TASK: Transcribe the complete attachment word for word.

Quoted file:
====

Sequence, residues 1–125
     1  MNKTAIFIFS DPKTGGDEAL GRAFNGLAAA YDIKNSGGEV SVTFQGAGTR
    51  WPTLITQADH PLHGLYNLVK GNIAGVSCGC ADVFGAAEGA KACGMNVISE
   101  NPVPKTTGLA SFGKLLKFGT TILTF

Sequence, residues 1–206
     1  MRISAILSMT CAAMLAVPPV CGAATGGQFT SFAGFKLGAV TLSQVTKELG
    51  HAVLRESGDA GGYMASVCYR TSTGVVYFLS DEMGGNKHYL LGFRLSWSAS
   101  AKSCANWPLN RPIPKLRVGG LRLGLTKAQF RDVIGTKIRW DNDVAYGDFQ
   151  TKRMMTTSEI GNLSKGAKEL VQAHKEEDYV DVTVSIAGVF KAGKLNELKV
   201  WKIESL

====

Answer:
Sequence, residues 1–125
     1  MNKTAIFIFS DPKTGGDEAL GRAFNGLAAA YDIKNSGGEV SVTFQGAGTR
    51  WPTLITQADH PLHGLYNLVK GNIAGVSCGC ADVFGAAEGA KACGMNVISE
   101  NPVPKTTGLA SFGKLLKFGT TILTF

Sequence, residues 1–206
     1  MRISAILSMT CAAMLAVPPV CGAATGGQFT SFAGFKLGAV TLSQVTKELG
    51  HAVLRESGDA GGYMASVCYR TSTGVVYFLS DEMGGNKHYL LGFRLSWSAS
   101  AKSCANWPLN RPIPKLRVGG LRLGLTKAQF RDVIGTKIRW DNDVAYGDFQ
   151  TKRMMTTSEI GNLSKGAKEL VQAHKEEDYV DVTVSIAGVF KAGKLNELKV
   201  WKIESL